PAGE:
Peter Melcher presented the following posters with Andrew McGraw '05 and Eleanor Lahr '04 at the second annual Symposium in Plant Biology.
The meeting was sponsored by the University of Massachusetts, Amherst, and held at Smith College.
Poster 1: "Ions and Bordered Pit Strength". Andrew McGraw and Peter Melcher.
Tension driven water transport through the xylem of plants is powered by evaporation of water from internal leaf spaces. Pulling water through the xylem under negative pressures requires that the water columns within the xylem remain continuous. Thus plants depend on the ability of water to withstand substantial negative pressures during tension driven sap flow. However, water under negative pressure is considered metastable and thus susceptible to cavitation and embolism (bubble formation). Because of this, we would expect plants to have evolved strategies to tolerate embolized xylem conduits. It has been suggested that bordered pit membranes aid in protecting the continuity of the xylem sap by isolating embolisms to discrete regions within the xylem. More recently, these membranes have been shown to respond to small changes in ion concentrations in the transpiration stream resulting in altered xylem hydraulic conductance's. But only a few studies have investigated the effect of ions on xylem cavitation thresholds. Here we investigated the ability of bordered pit membranes to withstand air-injection pressures measured on an individual vessel level. We found that Calcium ions increase the strength of bordered pit membranes located in older xylem to withstand increased air injection pressures compared to newer xylem.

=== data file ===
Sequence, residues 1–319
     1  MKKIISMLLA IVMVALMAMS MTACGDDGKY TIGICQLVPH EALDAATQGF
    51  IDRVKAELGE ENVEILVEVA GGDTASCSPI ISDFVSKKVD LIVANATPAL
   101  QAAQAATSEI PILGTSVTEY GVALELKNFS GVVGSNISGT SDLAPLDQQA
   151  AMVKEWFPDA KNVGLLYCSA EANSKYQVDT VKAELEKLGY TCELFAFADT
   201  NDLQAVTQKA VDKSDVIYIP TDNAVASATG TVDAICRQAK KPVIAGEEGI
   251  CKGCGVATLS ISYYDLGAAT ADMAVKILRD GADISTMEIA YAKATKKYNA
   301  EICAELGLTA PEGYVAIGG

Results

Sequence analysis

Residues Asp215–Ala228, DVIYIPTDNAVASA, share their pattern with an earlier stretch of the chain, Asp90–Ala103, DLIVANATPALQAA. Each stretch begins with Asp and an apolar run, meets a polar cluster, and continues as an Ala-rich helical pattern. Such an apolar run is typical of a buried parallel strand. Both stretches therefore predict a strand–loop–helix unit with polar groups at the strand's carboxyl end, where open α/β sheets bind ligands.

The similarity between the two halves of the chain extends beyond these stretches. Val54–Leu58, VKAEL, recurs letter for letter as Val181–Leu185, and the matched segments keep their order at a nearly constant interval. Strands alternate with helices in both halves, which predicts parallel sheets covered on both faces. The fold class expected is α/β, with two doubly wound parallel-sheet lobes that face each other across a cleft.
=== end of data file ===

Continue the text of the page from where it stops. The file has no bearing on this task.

Poster 2: "A test of the Segmentation Hypothesis". Eleanor Lahr and Peter Melcher
It is known that the xylem on many plant species are divided up into smaller chambers that are separated by primary cell wall material known as bordered pit membranes. Martin Zimmermann proposed the segmentation hypothesis that describes how bordered pit membranes may act as safety "valves" that preserve the hydraulic network in plants by containing embolism (bubbles), that are considered catastrophic in maintaining overall plant health, to expendable plant parts such as leaves and petioles and thus preserving the main branches and trunks. Here we present data using an individual vessel approach that support the segmentation hypothesis.
Contributed by Nancy Pierce